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7 May 2019

Abertarff: the little house in the Highlands

Written by Jacky Brookes
Katey stands at the door of Abertarff House, with one hand on the handle
Project Manager Katey Boal outside Abertarff House
Following a successful first year of opening to visitors in 2018, we have opened Abertarff House again from Easter 2019.

Built in 1593, and now the oldest house in Inverness, Abertarff has witnessed the Covenanters’ era, Jacobite risings and two world wars. Project Manager Katey Boal introduces Abertarff and gives a hint of what visitors can expect this season.

Abertarff House is the oldest secular building in Inverness.
The oldest secular building in Inverness

Abertarff is the oldest secular house in Inverness (there are a few older churches) – that’s some record! Why has it survived while other similar buildings didn’t?

First of all, it was tucked away in a close, so it wasn’t immediately visible.Secondly, in the 1950s and 60s the Inverness Field Club advocated very strongly for its preservation and played a major part in ensuring its survival.

A 1903 illustration of Abertarff House
Drawing of Abertarff House taken from 'Old Inverness' by Pierre Delavauly (1903), thanks to Am Baile - High Life Highland

How important is Abertarff in the history of Scotland as a whole?

Abertarff House is a good example of Scottish domestic architecture of the 16th and 17th century, with its crow-stepped gable and circular stone stair tower leading to the upper floors. There are not very many of these buildings left in Scotland. It also makes an important contribution to the historic streetscape of Church Street in Inverness.

The marriage lintel at Abertarff
The marriage lintel at Abertarff; credit: SPP Group

What do we know about the people who lived here?

There are a lot of gaps in the history of the house. It has been linked to Clan Fraser of Lovat, who fought for the Jacobites at Culloden, but as far as we know the house was never owned by Simon Fraser, Lord Lovat (who was executed for treason after the battle). Abertarff was, however, purchased by his younger son, Colonel Archibald Fraser, in the early 1800s. In 1815, upon Col Fraser’s death, the property went to his illegitimate grandson Archibald Thomas Frederick Fraser. We believe that it was then sold to the Commercial Bank (which would eventually become the Royal Bank of Scotland) in the mid-1800s.

Abertarff House
Abertarff House

Can you explain what work was undertaken to restore it?

In 1963 the house came into the care of the National Trust for Scotland, and in 1966 the Trust carried out significant work on the fabric of the building. We reharled the exterior (a controversial move at the time) and repaired floors, windows and the roof. Further work has been carried out recently, which involved re-pointing works using lime-based mortar, repair of stonework, flashing works and limewash.

Spiral staircase inside Abertarff House
Spiral staircase inside Abertarff House

Whats the building like inside?

On the ground floor there is a small exhibition space, which helps visitors to discover the hidden history of Inverness in the 1600s. We tell the story of the town through the Covenanting period, and explore what life was like for the people who lived there.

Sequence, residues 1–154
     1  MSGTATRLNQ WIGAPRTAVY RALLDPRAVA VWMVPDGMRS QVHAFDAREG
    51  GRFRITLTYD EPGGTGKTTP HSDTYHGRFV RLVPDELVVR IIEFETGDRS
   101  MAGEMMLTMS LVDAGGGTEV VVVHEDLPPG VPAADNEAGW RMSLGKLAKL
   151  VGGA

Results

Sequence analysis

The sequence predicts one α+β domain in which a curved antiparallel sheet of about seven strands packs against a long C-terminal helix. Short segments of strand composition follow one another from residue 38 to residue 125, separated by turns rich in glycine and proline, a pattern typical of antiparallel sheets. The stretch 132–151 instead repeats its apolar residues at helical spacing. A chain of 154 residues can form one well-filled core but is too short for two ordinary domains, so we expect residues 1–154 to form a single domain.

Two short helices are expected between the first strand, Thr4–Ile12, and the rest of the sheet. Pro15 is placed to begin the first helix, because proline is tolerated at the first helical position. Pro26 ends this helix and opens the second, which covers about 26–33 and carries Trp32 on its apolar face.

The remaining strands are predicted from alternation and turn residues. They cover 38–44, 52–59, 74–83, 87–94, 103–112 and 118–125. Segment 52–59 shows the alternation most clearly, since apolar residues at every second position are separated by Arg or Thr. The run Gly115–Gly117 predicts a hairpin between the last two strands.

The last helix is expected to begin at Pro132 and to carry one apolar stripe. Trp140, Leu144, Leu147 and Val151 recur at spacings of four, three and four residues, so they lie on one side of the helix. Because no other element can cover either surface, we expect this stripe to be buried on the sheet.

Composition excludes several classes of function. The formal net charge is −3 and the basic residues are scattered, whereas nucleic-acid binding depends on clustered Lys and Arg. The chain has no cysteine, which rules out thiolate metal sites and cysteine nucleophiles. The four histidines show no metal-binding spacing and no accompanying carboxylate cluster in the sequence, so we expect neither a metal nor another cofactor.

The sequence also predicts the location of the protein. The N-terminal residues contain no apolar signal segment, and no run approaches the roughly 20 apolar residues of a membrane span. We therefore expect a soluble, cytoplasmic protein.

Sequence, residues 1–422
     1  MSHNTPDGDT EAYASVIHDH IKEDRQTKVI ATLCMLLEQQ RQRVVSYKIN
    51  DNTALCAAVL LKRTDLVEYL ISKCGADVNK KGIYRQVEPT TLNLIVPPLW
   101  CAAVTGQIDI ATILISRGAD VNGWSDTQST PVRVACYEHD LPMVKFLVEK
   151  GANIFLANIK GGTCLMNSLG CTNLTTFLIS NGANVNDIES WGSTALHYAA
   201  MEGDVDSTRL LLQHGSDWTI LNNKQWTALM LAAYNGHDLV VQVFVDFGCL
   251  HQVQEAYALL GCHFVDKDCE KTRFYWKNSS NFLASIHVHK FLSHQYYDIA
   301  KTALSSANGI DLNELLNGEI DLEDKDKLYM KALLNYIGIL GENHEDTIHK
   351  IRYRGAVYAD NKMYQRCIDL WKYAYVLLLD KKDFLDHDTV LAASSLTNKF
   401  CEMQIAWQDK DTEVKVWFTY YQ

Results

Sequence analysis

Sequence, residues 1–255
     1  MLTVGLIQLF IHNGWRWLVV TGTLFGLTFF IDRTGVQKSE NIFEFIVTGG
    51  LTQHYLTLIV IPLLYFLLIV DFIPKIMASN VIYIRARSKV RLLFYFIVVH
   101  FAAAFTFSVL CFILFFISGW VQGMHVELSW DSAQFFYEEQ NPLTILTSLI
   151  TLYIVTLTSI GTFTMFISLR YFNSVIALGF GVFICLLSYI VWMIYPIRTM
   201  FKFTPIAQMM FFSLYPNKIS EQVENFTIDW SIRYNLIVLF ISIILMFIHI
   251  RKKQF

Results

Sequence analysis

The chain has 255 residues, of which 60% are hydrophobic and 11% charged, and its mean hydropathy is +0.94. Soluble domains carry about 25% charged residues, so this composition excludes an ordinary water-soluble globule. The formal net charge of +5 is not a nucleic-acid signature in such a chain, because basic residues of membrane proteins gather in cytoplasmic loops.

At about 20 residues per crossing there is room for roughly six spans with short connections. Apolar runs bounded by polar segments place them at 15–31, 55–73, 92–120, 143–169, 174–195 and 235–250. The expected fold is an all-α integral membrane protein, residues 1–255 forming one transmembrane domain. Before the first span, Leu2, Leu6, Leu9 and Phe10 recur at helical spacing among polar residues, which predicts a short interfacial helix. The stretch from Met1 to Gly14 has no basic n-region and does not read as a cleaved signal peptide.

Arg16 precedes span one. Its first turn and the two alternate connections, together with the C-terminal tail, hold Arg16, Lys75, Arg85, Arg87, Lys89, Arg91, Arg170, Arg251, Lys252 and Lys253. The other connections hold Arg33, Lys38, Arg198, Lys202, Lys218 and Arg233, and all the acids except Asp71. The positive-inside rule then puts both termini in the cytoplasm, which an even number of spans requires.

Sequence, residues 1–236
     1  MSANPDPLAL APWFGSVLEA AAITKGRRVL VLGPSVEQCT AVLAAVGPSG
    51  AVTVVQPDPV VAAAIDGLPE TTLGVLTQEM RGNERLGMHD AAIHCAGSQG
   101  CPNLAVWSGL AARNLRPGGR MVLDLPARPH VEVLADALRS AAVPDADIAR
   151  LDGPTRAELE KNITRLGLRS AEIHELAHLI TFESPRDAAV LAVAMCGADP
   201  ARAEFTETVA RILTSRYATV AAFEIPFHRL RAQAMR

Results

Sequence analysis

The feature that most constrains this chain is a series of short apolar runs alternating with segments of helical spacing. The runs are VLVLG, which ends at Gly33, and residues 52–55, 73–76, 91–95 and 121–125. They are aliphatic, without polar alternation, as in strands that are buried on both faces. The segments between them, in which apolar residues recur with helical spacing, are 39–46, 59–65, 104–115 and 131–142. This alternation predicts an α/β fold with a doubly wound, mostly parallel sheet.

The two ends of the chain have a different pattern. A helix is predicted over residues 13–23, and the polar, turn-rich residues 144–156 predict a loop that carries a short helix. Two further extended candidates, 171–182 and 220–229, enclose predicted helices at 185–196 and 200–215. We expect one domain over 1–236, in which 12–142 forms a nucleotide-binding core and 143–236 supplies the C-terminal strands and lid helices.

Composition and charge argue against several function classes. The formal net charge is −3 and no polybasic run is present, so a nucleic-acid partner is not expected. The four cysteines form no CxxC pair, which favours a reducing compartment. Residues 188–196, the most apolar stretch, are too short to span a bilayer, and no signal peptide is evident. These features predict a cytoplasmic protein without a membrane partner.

There is a meeting room on the first floor. We can also host exclusive small events, small weddings and small private bookings. Keep an eye on our property page for details of events that are planned over the season.

Entrance to Abertarff House
Entrance to Abertarff House; credit SPP Group

When is the house open?

Our opening times for 2019 are 11am–6pm from Easter to 6 October. And, admission is free!

We’re also planning a shop and take-away café (coming soon).

Abertarff House sign
Abertarff House sign; credit: SPP Group

Are there opportunities for supporting local heritage?

Volunteering with the National Trust for Scotland brings a whole range of benefits. As well as supporting local heritage, our volunteers get the chance to learn new things, meet new people and build new skills. And of course, every single one plays a vital role in supporting the Trust and all that we do for the love of Scotland.

Staff from the engagement team at Culloden will be helping out and volunteers are being recruited for this season, to help visitors enjoy their experience at Abertarff House. Volunteers will play a very important role in keeping the doors open and we’re very keen for anyone interested to get in touch via nts.org.uk/volunteering or by emailing mferguson@nts.org.uk

Circular stone tower, reharled by the Trust
Circular stone tower, reharled by the Trust

Are there any research opportunities, given that Abertarff has such a long history?

There will be a need for the Abertarff story to be researched in more detail, as not a huge amount is known and we’d love to find out more about the people who lived here. Many fascinating stories came to light as we chatted with visitors last season, including a Beauly resident who was born at Abertarff over 80 years ago!

We look forward to welcoming you to this special place soon.